Roof and Attic Ventilation | A lot of homeowners tend to forget about their roofs a year or two after the installation. However, this exterior system plays an incredibly important role in many aspects of your day-to-day life at home. It is largely responsible for protecting your living space from harsh elements such as extreme heat, rainfall and snow. Your roof needs to have the right amount of ventilation in order to improve the functionality of your structure, increase the comfort and safety of your family and reduce seasonal maintenance and storm damage repair costs in the future.
How Does Attic Ventilation Work?
Attic ventilation operates on the principle that heated air naturally rises. An effective ventilation in an unfinished attic generally includes intake vents, which are located at the lowest part of the roof under the eaves, and exhaust vents, which are located at the peak or roof ridge. Cool air from the outdoors gets drawn in through the intake or soffit vents while hot, humid air that roams to the highest point escapes through the exhaust vents. This natural process, commonly referred to as passive ventilation, allows for an uninterrupted flow of air through the attic space.
Why Your Home Needs Sufficient Roof Ventilation
Good, ample ventilation in your attic helps regulate excess heat and moisture content in the air that can otherwise be a threat to the structure of your home. Problems that heat and moisture buildup in the attic space cause are predictable but vary depending on the climatic conditions. If you live in an area with hot summers and cold winters, it is possible to suffer the detrimental effects of both.
- Heat from the sun can amplify the temperature in the attic. According to residential roofers, prolonged exposure to excessive heat caused by the sun beating down your roof can warp the roof sheathing and prematurely age roof shingles. It is critical to adequately insulate the attic floor so heat cannot harshly radiate down into the finished areas, such the living room and bedrooms, keeping your living space more comfortable and less costly to maintain.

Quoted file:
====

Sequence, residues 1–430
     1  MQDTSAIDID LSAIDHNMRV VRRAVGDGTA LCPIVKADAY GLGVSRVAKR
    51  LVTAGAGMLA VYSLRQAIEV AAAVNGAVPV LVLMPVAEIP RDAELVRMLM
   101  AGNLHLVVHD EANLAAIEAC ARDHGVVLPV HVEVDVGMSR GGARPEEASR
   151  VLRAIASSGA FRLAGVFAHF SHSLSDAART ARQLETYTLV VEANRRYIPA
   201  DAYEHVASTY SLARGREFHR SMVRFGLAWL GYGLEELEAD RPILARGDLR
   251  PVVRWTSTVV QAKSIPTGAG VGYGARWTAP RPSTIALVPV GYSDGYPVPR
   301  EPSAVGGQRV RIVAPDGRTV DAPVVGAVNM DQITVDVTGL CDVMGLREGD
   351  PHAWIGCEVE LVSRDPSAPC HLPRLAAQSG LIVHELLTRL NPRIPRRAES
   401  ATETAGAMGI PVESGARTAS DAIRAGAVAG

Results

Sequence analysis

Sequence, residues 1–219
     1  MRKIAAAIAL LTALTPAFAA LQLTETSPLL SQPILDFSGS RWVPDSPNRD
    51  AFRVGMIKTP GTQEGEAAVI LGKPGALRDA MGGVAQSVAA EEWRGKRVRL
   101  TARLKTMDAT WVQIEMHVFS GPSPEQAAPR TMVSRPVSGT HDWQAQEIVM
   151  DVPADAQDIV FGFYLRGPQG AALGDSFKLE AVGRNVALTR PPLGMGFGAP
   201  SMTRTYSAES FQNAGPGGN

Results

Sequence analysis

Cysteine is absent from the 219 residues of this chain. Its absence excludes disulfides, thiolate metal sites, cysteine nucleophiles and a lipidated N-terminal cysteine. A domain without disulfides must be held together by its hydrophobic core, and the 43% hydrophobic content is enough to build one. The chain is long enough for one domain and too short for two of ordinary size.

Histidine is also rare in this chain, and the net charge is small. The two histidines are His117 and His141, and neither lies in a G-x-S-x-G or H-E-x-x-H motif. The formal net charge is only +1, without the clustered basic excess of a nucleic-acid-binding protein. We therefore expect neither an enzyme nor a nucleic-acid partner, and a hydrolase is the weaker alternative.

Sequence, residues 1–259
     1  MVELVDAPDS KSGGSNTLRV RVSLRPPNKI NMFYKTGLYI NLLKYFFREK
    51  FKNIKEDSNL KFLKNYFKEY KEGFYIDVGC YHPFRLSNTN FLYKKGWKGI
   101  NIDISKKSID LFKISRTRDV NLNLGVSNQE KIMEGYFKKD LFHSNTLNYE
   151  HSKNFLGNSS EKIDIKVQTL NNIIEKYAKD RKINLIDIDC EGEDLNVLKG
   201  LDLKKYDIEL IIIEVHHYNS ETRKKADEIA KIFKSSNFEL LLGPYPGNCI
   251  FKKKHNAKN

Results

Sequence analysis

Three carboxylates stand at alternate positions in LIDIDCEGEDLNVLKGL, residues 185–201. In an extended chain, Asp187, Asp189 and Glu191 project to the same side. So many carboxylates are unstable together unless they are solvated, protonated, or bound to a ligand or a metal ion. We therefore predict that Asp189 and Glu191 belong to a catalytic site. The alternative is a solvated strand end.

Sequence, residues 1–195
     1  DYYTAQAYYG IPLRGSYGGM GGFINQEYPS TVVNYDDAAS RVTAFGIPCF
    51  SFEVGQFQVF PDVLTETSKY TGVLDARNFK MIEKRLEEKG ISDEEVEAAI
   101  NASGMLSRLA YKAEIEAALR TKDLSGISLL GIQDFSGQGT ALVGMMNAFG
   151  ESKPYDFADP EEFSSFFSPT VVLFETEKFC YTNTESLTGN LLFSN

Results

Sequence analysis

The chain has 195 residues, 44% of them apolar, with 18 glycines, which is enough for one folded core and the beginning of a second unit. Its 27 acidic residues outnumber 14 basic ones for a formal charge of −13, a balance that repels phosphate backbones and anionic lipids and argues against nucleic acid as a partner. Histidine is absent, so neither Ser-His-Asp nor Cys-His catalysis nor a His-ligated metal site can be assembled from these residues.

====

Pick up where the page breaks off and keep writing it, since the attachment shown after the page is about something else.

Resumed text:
- Humidity can lead to condensation on cold surfaces. If humidity generated from your living area or from outside enters a cool attic, it will condense into water droplets once it comes into contact with colder surfaces. The resulting moisture or dampness can promote early deterioration of your roofing system, along with interior structural components, and ruin the attic insulation over time. In a warm attic, the moisture can allow mold and mildew to grow and spread, adding strain on your cooling equipment and possibly causing allergic reactions in some residents.
- Ice dams form in homes without adequate roof ventilation. In areas where the temperature drops below freezing during the winter season, warm air flowing into the attic from the heated living space below climbs up until it reaches the underside of the roof decking. As the decking warms, the bottom layer of stockpiled snow on the roof surface begins to melt, causing water to leak down the roof. Once the stream reaches the cold outer edge, it refreezes into ice, forming ice dams along the eaves. If the escape of further runoff is prevented, it can cause the water to back up under the shingles and leak into your home, creating damage to the walls and ceilings and leading to untimely roof repair services.
Signs of Improper Ventilation
Homes without proper ventilation in the attic will encounter problems that manifest themselves in many different ways. Watch out for these subtle and clear-cut signs that indicate you need to fix the ventilation of your roof and attic as soon as possible.
- There is a suspicious spike in your household cooling and heating bills. This commonly happens when the insulation in your attic soaks up excess moisture, causing it to become wet and lose its effectiveness.